And the response time was sufficient for you to do this?
Yes the bottom, in the areas where we towed it doesn’t change that rapidly. And in fact we didn’t find any place where it changed that rapidly even on slopes. The slopes in the ocean are very small in general. The biggest one I ever found in all the work that I’d done was off the Bahamas we found a forty-five degree slope. That was the greatest slope we ever ran into. Most of them were five degrees or less. Well this gave you plenty of time to adjust. It was sort of a continuous thing every five minutes you’d make a change. And we took a series of photographs of the bottom and sometimes — they weren’t particularly significant photographs except they did find accumulations of shell fish that the biologists felt were unbelievable. There were so many shell fish. One was on top of another. And another time we were photographing a bed of star fish where the star fish were so numerous there were three levels of star fish one on top of the other.
Just everywhere in the picture were these starfish piled up one on top of the other. I don’t know whether they were mating or whether they just found a hell of a good food supply or what. But they had congregated for some reason.
Right. And you would share these photographs with other than Woods Hole — biologists?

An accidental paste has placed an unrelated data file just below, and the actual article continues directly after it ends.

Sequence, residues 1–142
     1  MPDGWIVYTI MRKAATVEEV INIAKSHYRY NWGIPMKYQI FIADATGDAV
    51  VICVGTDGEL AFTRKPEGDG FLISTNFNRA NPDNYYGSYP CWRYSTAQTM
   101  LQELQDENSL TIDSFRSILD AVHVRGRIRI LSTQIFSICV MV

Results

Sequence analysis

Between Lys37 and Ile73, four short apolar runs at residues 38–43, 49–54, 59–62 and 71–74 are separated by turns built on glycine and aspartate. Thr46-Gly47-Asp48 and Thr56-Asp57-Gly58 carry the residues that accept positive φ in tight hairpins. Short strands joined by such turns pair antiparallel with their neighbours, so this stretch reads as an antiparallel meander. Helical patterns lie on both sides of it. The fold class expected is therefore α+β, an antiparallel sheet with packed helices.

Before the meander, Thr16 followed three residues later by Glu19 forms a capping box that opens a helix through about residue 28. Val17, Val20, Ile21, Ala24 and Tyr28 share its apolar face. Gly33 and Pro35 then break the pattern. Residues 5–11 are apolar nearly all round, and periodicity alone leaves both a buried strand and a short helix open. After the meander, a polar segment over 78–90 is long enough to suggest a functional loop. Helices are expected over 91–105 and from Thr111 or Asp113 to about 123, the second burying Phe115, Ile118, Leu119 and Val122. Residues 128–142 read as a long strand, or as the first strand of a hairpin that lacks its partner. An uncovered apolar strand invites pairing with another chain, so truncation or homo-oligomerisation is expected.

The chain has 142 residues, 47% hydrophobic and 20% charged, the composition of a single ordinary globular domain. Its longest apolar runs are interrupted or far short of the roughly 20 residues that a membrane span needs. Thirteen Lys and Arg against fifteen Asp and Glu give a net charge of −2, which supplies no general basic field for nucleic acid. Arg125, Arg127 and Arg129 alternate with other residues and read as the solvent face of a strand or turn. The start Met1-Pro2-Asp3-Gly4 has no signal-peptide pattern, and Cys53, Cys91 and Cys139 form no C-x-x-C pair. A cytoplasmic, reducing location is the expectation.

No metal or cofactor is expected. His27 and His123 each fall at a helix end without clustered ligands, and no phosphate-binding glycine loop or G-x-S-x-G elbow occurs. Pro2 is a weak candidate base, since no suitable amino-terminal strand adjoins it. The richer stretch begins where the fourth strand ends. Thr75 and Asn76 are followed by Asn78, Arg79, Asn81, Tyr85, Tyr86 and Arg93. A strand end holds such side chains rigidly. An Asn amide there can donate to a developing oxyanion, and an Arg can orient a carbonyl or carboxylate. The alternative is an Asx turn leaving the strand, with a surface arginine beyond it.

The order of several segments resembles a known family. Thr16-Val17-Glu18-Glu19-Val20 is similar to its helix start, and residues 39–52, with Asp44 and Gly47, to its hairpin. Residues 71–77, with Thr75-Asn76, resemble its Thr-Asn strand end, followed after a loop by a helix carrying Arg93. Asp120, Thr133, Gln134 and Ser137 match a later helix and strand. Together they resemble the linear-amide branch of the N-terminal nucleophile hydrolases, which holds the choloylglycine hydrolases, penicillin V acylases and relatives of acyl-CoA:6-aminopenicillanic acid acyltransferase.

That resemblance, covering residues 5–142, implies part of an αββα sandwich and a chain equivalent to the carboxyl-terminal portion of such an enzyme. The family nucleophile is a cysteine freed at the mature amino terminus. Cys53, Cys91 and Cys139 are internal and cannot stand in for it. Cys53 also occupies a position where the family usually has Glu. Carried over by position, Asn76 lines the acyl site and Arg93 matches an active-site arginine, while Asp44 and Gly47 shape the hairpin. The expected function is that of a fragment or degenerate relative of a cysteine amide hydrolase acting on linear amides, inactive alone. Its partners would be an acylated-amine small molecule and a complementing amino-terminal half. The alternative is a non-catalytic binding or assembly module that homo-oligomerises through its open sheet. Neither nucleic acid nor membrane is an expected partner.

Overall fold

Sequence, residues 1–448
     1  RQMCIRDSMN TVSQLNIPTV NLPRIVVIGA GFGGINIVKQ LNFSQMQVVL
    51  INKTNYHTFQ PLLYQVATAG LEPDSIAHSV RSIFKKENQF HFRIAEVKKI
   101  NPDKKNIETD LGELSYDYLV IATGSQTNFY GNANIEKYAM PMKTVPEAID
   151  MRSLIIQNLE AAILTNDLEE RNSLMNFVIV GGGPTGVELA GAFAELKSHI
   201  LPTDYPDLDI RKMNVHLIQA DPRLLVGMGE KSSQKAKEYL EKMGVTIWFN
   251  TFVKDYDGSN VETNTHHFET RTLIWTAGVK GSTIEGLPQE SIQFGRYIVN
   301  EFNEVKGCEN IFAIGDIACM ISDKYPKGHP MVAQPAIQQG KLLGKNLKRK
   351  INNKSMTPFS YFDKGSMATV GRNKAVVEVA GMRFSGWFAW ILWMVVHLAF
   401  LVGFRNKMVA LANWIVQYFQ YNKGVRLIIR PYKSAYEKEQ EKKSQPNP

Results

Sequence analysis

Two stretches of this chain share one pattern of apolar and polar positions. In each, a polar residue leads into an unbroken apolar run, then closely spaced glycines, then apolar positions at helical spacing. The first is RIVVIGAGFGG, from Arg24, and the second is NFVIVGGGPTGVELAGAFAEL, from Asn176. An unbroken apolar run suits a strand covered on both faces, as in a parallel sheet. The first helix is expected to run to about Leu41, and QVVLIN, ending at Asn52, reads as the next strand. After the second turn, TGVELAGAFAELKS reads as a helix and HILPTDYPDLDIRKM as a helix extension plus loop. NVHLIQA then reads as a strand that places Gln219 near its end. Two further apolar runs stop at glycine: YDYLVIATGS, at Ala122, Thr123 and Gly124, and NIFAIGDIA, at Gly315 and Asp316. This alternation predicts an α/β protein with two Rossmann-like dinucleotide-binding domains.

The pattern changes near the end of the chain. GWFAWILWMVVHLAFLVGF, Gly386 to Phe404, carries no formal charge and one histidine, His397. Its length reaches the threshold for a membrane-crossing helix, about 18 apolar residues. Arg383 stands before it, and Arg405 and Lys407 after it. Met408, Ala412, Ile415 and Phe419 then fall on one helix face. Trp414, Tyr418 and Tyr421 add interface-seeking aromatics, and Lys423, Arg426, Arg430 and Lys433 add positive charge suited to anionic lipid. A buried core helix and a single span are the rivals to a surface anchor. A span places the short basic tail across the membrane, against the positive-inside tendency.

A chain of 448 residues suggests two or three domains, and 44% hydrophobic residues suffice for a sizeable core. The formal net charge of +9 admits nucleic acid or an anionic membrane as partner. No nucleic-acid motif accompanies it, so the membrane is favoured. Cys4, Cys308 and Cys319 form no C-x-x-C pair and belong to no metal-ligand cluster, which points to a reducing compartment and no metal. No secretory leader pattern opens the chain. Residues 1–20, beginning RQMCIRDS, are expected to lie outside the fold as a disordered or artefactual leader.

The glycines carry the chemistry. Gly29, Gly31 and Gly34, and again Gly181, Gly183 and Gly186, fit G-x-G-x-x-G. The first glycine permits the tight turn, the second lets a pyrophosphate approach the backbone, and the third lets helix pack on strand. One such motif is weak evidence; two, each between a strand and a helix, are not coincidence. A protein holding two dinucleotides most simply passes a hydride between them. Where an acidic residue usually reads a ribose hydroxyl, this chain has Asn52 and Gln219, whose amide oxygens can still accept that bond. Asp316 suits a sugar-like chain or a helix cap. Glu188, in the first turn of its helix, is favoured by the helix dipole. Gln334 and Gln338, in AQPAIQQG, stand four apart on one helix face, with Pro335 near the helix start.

No. This was an era of classification.
I was going to ask you about that. I’m curious how the biologists came to become aware of what you were doing.
Well some of the pictures we could show but how we took them we couldn’t tell them anything about. We could show them the results but couldn’t tell them how, we took them. That was an interesting part of the Woods Hole years. The people on the third floor were studying explosives and we were using explosives and we never were able to work back and forth about what they were discovering and what we were discovering and actually there was some duplication. We found out after the war that we had done some things and they had done the same things in a slightly different way but got the same results. So there was duplication going on right even there locally. And the biologists were by and large in the second floor of the building called Bigelow Labs. That was the name of the –-
I had asked if that might be Bigelow, yes.
Yes: That was the original director. Well at any rate we wrote a report about the hydrofoil, about how to tow it and how to take pictures and how to organize to keep it off the bottom. We sent it to the Bureau of Ordinance. We never heard a word from them. And so we guessed, well, maybe they lost their interest in it or something. About eight months later the head of the division of the Bureau of Ordinance who was interested called us up and said, “Hey when are you ever going to send us a report on that hydrofoil?” We said we sent it to you eight months ago. We have a receipt for classified documents. And they had gotten it, filed it and nobody read it.